As we focus on slowing the spread of the coronavirus, agencies across the federal government are grappling with a difficult choice: Continue with business as usual, or halt rulemakings on anything not related to solving the Covid-19 pandemic.
But with the possibility of Democrats winning both the White House and Senate in November, the Trump administration is forging ahead with its regulatory agenda in light of the Congressional Review Act’s window for legislative review of final rules.
Citing the Covid-19 crisis, states attorneys general, governors, and Democrats in Congress have called for the formal pause on or extension of all outstanding public comment periods and the placing of a moratorium on new regulatory rulemaking. Sen. Sherrod Brown (D-Ohio) has been particularly vocal in demanding that the financial regulators suspend all rulemaking that could impede the federal response to the pandemic.
“The American people are scrambling to ensure they protect themselves, their families, and vulnerable individuals in society from this virus,” Brown wrote to Securities and Exchange Commission Chairman Jay Clayton. “Under these circumstances, it will be difficult for the public to have the customary engagement with government agencies and provide meaningful recommendations and comments on proposed rulemakings other than those related to the crisis at hand.”
However, the Trump administration has directed all agency rulemaking activities to continue and only extend comment periods after consultation with the Office of Information and Regulatory Affairs. SEC Chairman Clayton recently announced that his agency would delay action on certain rulemakings until at least May 1, but would not commit to delaying issuance of an important final rule that would change the proxy advisory and shareholder voting processes.
The Commodity Futures Trading Commission also announced the extension of certain currently-open comment periods in light of the Covid-19 pandemic, but Chairman Health Tarbert refused to stop rulemaking altogether.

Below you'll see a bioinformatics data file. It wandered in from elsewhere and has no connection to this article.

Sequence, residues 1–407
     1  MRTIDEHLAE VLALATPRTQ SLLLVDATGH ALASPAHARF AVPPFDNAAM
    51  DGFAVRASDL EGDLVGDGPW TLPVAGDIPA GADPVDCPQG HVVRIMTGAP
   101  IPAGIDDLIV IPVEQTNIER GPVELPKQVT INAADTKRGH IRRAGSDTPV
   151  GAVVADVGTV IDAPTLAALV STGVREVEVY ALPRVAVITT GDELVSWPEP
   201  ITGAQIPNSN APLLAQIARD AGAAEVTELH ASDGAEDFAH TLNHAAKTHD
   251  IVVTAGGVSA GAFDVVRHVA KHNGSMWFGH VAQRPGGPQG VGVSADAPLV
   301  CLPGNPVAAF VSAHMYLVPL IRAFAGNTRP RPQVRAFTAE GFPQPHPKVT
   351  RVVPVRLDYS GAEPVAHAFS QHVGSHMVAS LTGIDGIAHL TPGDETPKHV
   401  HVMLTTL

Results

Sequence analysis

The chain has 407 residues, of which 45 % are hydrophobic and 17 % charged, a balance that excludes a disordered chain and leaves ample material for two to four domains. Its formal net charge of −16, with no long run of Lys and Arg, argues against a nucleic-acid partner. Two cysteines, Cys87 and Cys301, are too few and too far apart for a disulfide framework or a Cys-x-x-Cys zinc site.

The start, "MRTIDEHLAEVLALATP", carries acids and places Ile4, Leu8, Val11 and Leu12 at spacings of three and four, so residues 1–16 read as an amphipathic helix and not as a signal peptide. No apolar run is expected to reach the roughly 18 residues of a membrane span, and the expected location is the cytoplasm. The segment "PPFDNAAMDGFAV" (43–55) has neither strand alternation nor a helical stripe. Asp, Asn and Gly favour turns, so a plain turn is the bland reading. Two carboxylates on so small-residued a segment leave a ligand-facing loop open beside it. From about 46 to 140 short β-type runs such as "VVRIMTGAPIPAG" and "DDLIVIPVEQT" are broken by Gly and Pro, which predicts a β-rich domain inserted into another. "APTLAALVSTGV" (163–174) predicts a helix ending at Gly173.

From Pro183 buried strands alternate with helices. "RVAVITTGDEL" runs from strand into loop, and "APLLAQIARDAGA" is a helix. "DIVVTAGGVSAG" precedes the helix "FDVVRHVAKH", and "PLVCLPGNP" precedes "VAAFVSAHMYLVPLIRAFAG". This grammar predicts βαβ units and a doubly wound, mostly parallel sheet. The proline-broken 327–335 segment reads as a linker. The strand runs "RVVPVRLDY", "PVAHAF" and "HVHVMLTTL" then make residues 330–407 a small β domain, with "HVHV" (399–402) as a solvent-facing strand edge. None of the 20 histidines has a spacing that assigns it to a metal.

“I respectfully disagree with those who insist our important policy work could or should be put on pause,” Tarbert said. “Now more than ever, our markets and the everyday Americans who rely on them are counting on us to get the job done. With the hard work of the CFTC’s talented and dedicated staff, we can strike the right balance to accommodate the current circumstances.”
The CFTC held a telephonic open meeting on April 14 and considered a series of both proposed and final rules.
Congressional Review Act in Spotlight
Should a Democrat win the presidency and the Democratic party regain control of the Senate (and maintain control of the House) in November, the Congressional Review Act (CRA) will emerge into the spotlight. That is why, in the midst of the Covid-19 outbreak, the Trump administration and independent agencies are likely pushing ahead with their regulatory agendas.
Included in a larger regulatory package signed into law in 1996, the CRA was a once rarely used procedural move by Congress to check agency rulemaking in the months leading up to an election. It has since become almost routine after the 2016 presidential election.